Your ego has no place in the editing. In this business, we have to have thick skins. Once that manuscript is off to the editor, try not to think of it as yours. It’s not your heart, it’s not your soul. You would continue to exist even if your masterpiece never saw the light of day, if it burned into ash, if a dinosaur ate it and crapped it back out. So, when you see all that red, and think of all the changes you need to make, think of it as improving someone else’s work. Kind of like the screenwriter who has to take someone else’s screenplay and punch it up.

If you can think of it as not yours, maybe you’ll see some merit in what your editor has to say. Maybe you’ll see things you need to change, scenes you need to cut, characters who need to go, or be merged with other characters.

Listen to your editor, even if you think he’s a jerk. He’s not here to be your friend. He’s here to make a buck off of what you wrote.

And he just might, if you let him.


Huh, It Works on Other People, Too!

My mother was right. Guilt does work.

After begging for weeks for someone to help me, I actually do have an assistant coach. Kind of. I have a referee. Kind of.  Five of the six parents paid me for the banner. The parent who forgot snacks on snack day felt so bad, she brought the most awesome goody bags I have ever seen, complete with all kinds of little things the girls loved. Change purses, fluorescent bracelets, candy, crackers, juice boxes, all in a little cloth sack in pink or purple.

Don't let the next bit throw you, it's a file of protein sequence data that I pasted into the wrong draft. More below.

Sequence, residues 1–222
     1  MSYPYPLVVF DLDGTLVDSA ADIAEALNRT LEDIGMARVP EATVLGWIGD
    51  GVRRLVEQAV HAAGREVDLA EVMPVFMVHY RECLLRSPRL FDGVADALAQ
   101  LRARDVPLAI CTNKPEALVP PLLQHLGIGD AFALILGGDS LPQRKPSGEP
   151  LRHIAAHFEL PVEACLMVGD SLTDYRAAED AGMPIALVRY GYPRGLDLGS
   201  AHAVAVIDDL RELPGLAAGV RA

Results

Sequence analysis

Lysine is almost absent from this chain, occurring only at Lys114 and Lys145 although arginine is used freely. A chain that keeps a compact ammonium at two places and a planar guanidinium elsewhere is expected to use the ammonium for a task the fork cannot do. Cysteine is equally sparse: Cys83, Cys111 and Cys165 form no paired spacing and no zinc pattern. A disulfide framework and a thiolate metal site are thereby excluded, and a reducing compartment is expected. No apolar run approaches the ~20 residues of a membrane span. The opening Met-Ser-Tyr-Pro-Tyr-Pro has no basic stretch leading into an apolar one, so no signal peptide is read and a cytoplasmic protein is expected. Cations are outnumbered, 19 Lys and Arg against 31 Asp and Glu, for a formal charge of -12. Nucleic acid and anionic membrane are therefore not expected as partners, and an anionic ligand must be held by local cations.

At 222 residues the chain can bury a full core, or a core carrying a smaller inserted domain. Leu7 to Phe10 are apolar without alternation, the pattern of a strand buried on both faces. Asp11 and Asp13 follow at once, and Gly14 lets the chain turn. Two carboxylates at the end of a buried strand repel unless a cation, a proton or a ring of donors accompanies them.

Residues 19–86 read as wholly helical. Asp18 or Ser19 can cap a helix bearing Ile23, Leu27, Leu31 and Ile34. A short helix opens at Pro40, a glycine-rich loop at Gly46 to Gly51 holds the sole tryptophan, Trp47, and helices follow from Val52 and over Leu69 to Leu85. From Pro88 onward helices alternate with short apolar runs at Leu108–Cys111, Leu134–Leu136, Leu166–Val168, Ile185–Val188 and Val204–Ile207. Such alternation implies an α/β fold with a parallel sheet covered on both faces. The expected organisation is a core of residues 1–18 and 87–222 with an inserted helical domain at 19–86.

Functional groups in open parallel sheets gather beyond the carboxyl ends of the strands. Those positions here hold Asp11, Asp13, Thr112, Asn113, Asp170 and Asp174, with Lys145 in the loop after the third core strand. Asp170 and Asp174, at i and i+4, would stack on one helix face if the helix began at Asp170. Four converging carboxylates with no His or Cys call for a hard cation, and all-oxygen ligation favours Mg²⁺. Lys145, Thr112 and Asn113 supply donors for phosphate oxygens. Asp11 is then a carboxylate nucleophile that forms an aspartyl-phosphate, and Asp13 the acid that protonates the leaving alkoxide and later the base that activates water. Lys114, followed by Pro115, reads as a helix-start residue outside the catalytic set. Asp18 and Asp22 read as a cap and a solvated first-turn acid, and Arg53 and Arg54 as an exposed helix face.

I’m not sure if it was my final, pathetic email, when I reminded them of the game on Saturday and asked them to help me take down the goals (two different families from my team actually did help me take down the goals. The other team, not so much. It’s all right. I didn’t have to do it all by myself), and then said I still needed an assistant coach, a ref and a team parent (every job but coach). I don’t know if it was the constant gentle reminders at practice that I could use some help.

At this point, I don’t care.

I have help!

Random Sunday Musings

So, it’s late on Sunday evening–it’s actually Monday for you folks back East–and I’m doing some reflecting.

As some of you may know, my muse has gone…missing.

Huh. Maybe I’m not supposed to mention that I’ve struggled with a manuscript, or couldn’t find inspiration. Maybe I’m supposed to make it look like it’s easy all the time, like the words just flow from my fingertips, inspired by the daughters of Zeus.

Mmhm. And monkeys will fly out of my butt.

I’m not sure anything is gained by authors lying to one another, or to the world. No, writing is not like brain surgery, but that doesn’t mean it’s easy. Trust me, I did medical transcription in college (and I read medical reports all the time), and while I would totally trust them to cut open my head, some of them can’t write for shit. When you read those reports, it’s very stream of consciousness–few commas (I always added them, because I happen to know there is a world of difference between eats shoots and leaves and eats, shoots and leaves), and often no periods. There are times when I think that a well-placed period or comma might actually make a world of difference.